"Skills for Talmud Study - Seminar for Laypeople"
Bonayich Educational Services, Ltd.
Rabbi Dr. Pinchas Hayman
Talmud study in our day is of interest to more and more Jews, men and women alike. Yet more and more students of Talmud find themselves dependent on pre-digested or translated texts, and do not experience the intellectual and spiritual satisfaction of navigating the original texts on their own. The "Skills for Talmud Study" seminar is a first-stage, ten hour workshop designed to aid students of Talmud in mastery of the tools required for independent study.
Standard study of Torah Sheb'al Peh is configured in two stages: Mishnah, followed immediately by the study of Talmud. This approach neither reflects the actual manner of the development of the texts, nor enables the student to adequately adjust to the widely variant levels of complexity in the various types of literature in the Mishnah and the Talmud. The methodological approach used by the Rishonim divided the learning of Mishnah and Talmud into four stages, which represent increasing levels of complexity and higher-order thinking:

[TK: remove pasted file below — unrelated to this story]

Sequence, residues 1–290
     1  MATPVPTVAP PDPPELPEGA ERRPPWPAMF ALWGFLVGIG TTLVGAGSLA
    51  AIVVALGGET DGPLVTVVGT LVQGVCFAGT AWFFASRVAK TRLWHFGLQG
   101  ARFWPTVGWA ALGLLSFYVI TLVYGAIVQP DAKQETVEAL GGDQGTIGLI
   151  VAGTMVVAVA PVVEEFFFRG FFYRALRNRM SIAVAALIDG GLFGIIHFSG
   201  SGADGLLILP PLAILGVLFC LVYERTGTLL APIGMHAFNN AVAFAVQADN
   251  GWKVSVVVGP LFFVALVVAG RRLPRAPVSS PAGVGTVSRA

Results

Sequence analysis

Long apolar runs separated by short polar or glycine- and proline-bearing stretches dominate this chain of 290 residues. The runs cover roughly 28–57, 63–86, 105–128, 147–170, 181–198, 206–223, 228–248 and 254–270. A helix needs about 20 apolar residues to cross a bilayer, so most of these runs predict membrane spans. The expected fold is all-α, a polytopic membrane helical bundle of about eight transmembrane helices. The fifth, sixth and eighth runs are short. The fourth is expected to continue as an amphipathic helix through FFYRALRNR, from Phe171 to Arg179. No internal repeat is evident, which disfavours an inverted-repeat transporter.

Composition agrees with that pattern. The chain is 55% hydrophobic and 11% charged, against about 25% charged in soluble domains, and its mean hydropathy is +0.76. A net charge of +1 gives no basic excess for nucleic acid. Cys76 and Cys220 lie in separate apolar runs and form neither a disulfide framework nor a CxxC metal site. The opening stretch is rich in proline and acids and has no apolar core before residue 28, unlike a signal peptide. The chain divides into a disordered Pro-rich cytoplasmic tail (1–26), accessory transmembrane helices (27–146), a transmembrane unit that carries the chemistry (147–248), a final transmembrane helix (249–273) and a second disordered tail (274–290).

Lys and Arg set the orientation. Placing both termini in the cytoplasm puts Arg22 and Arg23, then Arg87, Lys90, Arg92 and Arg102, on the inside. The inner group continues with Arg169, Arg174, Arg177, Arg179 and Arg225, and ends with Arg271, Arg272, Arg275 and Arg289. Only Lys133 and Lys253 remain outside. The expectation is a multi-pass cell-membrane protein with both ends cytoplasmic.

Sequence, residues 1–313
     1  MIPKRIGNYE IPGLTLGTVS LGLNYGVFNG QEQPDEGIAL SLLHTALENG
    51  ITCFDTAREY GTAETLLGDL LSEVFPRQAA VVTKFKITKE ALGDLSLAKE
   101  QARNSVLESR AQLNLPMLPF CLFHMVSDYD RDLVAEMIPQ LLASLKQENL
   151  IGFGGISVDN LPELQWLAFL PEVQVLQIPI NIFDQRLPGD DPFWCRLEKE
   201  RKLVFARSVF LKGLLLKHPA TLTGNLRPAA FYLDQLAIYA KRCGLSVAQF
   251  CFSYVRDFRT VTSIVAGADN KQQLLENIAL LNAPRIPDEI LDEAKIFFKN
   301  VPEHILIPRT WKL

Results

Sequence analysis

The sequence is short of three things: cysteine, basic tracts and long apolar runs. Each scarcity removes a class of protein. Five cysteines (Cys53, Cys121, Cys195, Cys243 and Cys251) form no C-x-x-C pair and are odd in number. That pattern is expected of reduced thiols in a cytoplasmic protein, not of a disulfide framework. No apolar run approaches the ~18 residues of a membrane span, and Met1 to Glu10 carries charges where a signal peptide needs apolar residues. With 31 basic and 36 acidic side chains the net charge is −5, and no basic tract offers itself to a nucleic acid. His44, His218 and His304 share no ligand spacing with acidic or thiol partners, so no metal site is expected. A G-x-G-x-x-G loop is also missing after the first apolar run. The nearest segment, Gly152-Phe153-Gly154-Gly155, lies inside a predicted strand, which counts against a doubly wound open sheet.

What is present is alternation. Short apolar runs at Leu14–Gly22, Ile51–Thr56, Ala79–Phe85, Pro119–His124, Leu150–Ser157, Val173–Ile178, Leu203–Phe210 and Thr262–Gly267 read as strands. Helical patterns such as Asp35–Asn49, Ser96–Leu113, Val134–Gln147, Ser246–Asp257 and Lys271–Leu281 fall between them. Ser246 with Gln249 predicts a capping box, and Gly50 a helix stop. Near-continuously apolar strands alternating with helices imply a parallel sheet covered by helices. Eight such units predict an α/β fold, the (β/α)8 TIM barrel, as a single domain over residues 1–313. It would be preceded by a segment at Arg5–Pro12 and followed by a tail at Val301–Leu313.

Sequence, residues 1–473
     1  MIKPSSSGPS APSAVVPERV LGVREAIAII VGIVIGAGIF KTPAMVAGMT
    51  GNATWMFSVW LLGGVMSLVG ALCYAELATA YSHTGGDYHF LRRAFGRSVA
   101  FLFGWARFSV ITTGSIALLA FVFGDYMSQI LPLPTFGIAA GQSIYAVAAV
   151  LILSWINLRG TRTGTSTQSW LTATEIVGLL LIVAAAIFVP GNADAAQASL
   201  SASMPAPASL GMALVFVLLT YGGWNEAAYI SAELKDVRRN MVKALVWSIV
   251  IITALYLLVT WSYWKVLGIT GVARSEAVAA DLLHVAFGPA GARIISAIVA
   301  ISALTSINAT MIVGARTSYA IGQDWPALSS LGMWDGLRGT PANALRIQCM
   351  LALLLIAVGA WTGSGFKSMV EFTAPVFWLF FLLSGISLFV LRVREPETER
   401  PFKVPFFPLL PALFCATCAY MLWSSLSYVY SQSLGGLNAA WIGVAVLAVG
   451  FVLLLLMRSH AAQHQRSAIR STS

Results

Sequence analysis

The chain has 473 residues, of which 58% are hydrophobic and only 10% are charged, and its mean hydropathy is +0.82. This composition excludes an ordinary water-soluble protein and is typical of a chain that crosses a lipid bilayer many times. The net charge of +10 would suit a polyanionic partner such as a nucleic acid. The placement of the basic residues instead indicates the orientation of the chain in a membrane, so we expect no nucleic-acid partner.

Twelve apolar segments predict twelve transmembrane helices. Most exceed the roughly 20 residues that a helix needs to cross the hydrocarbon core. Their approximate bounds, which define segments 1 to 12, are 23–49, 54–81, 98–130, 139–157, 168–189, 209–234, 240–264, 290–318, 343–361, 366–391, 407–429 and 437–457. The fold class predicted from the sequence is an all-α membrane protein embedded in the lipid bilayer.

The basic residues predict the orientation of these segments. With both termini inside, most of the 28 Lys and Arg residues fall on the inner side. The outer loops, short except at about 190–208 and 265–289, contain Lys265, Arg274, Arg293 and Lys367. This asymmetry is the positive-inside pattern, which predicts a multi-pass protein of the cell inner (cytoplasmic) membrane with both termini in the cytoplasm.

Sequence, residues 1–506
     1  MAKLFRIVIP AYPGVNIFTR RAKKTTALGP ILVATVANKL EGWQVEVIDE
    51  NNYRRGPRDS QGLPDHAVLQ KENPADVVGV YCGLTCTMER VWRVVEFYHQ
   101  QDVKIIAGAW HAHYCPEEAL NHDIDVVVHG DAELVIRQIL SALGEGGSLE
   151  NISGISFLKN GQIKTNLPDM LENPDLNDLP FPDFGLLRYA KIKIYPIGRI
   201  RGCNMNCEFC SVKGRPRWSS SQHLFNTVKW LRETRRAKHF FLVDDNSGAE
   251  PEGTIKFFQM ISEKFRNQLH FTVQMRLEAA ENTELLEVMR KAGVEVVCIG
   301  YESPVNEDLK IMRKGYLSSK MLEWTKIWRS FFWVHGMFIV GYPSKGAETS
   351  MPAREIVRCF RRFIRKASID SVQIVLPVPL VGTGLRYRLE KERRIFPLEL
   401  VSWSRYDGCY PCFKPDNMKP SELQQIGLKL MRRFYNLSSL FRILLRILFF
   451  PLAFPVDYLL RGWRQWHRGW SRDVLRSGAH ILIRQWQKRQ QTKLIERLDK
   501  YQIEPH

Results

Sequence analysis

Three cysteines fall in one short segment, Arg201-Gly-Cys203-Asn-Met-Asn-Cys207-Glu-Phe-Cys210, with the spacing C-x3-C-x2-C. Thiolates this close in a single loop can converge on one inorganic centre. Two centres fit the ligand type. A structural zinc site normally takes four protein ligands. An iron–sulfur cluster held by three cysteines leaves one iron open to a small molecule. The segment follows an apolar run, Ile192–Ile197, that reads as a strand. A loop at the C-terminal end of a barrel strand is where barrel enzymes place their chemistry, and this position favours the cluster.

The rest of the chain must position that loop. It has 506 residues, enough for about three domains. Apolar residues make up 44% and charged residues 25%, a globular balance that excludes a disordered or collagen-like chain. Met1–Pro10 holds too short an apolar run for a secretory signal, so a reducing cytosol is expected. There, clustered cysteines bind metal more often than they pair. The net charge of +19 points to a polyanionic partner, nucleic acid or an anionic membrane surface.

- Mishnah: including the relationship of Miqra and Mishnah, early topical and associative codices in Mishnah, historical and literary layers in the Mishnah, and editorial structures in Mishnah.
- Parallel Tannaitic Sources: study of the Mishnah in comparison to the relevant passages in Tosefta and beraitot, in order to understand more fully the raw material which served as the basis of the Amoraic enterprise.
- Amoraic Sources: study of amoraic memrot as commentary on Tannaitic sources and as independent legislation, but altogether in separation from the aramaic envelope which presents and analyses them. The amoraic sources are distinguished from the aramaic context by their overwhelmingly Hebrew formulation, by their labelling with the names of their tradents, and by their clear and straightforward style and practical legal occupation.
- Talmudic "Stama" Sources: study of the generally post-amoraic envelope of the sugya which presents and anaylses the earlier material. The stama envelope is characterized by its aramaic language, its anonymous presentation, its speculative, hypothetical reasoning, and its formal discussion and argumentation patterns.
These four stages are themselves sub-divided into more basic skills, which are each exemplified and then practiced on numerous unseen examples of varying levels of difficulty.
Further information is available at http://www.talmud-revadim.co.il under the "READ" section